i would die for frankie landau banks. this book rocks. i said the word "panopticon" once per week for a year after reading it and annoyed everyone around me. i also talked a lot about the gruntled/disgruntled thing. neglected positives are a sadly ignored subject in most YA literature! i did feel like it was a little lacking in female characters/perspectives considering it was a book built around feminist themes? the women in the book, besides frankie, are one-dimensional, or mocked by the authorial voice, or both. that might be unavoidable in something told from frankie's perspective tho since this is kind of a weird time for her in terms of "being friends with other women." PRANKS. SECRET SOCIETIES. P.G. WODEHOUSE REFERENCES. ELITISM. MAKING FUN OF ELITISM. FEMINISM. PROTEST. COMPLICATED PLANNING. BEING BETTER THAN BOYS AT THINGS. BOARDING SCHOOL DRAMA. what's not to love honestly.
Well written with a great details on self-worth, feeling comfortable in your own skin, with no punches pulled because "I'm a girl". Good read for either girls or boys. Fun, with a sense of the absurd.
This is a great book for any age although it was written for a teen audience. Our book group read it and everyone enjoyed it. Our discussion ran past its usual time.
Frankie Landau-Banks sets out to expose the all-male secret society at her boarding school. Her father was in the Bassets, and she suspects her boyfriends is too. She becomes more adventurous in undermining their club as the year progresses. Frankie is frustrated by the condescending way she treated because she is a girl, but she also recognizes the privilege she has as a rich person attending a very prestigious boarding school. Frankie is underestimated by just about everyone, and that’s what makes the book so interesting.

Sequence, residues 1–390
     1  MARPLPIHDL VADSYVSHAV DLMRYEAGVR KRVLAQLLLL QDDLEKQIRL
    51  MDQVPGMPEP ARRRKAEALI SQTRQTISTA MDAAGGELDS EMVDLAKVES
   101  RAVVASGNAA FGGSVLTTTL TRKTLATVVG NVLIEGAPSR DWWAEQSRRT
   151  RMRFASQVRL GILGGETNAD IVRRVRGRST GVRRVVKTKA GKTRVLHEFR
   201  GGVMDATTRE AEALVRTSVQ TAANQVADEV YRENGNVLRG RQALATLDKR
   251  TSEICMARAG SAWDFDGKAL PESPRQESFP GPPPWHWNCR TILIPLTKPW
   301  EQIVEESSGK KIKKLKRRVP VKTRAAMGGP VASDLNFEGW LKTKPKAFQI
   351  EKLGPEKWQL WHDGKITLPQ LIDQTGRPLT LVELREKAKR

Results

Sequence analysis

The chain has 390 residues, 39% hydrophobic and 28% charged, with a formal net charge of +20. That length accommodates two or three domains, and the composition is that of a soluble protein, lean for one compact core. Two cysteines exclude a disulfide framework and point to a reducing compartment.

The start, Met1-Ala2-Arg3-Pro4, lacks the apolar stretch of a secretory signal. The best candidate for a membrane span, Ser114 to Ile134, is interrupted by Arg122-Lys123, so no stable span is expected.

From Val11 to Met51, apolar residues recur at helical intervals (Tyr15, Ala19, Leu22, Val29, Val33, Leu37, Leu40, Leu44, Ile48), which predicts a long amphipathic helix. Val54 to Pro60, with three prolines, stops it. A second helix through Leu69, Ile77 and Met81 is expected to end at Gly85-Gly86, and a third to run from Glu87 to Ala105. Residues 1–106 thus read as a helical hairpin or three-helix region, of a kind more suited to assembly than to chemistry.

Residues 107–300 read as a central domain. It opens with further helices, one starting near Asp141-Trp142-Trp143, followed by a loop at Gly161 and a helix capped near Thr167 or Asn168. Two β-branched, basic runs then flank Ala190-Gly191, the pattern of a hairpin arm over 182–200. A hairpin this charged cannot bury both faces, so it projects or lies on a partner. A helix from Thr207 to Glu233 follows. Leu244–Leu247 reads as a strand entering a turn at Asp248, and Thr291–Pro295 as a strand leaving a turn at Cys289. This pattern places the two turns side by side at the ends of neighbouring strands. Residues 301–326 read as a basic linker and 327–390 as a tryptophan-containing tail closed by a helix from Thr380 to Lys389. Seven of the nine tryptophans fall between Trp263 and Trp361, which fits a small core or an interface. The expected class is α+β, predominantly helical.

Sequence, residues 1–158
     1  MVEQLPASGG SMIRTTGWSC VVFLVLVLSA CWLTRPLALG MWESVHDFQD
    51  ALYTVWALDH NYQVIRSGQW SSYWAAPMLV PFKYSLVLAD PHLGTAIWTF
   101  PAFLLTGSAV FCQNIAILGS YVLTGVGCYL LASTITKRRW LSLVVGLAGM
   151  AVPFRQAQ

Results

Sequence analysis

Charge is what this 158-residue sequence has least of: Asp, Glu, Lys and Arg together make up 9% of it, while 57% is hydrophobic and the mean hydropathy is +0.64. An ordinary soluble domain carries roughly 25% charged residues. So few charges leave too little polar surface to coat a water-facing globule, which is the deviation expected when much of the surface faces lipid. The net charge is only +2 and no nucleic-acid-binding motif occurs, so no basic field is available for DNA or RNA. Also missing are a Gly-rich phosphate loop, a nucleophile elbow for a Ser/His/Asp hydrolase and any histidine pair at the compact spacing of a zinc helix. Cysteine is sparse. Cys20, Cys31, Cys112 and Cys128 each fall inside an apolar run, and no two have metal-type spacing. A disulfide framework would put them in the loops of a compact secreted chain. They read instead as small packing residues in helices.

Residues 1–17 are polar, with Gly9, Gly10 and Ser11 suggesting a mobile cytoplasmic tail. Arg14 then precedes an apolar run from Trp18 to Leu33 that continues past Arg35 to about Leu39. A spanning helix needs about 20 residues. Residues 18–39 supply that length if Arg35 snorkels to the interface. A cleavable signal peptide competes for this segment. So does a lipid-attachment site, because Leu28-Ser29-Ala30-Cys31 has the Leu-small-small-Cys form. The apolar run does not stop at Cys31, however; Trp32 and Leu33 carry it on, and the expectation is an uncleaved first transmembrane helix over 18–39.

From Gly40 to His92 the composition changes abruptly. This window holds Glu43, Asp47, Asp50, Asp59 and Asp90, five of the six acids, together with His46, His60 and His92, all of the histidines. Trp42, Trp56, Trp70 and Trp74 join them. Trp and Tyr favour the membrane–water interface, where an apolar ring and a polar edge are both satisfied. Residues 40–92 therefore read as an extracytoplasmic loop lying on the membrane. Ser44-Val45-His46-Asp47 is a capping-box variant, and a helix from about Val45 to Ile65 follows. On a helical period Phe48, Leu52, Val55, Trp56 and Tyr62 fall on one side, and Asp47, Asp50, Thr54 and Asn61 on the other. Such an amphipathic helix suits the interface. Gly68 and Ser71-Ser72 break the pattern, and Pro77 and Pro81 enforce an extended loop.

Smart Feminist teen aims to take over a rich kids boys club. Books that are able to address feminism straight on lie this are rare.
New England! Boarding schools! Feminism! All things I enjoy, and I unsurprisingly really enjoyed this book about a girl at a fancy boarding school who infiltrates an all-male secret society. Lots of searing, funny feminist messaging here, written in a way that adds to the overall story rather than seeming like a distraction. I really liked this one.
I love love LOVE this book.
Lockhart does a great job of hooking you into the story right away; this one starts with a letter of confession from Frankie about her misdeeds at the elite Alabaster boarding school. The rest of the story fills in what happened. It's the tale of a teenage girl who is tired of being underestimated by her peers and family and takes some extreme measures to prove that she is more than what she seems. I was thoroughly engrossed and had a hard time putting it down.
Frankie's character raises many questions for the reader. She is smart and funny, but confusing. In her quest to be taken seriously, she seems to define herself by the very people and mindsets she despises. Is it clever or pathetic/obsessive that she inflicts the same schadenfreude on some of the Bassets that they do on others? Frankie never calls herself a feminist--and is she? It's hard to tell (especially with an older sister who attends Berkeley, self-identifies as one, and also shows great concern at Frankie's actions). Certainly, she is a girl growing into her woman's body and figuring a lot of that out, in relation to those around her.
There is lots of witty banter, creative pranking and hacking, and plenty of suspense as Frankie pushes the boundaries of respectability. At the same time, I agree with comments by an earlier reader that the frequent use of the omniscient voice that describes Frankie and her mindset was sometimes intrusive. It could have been toned down, at the very least.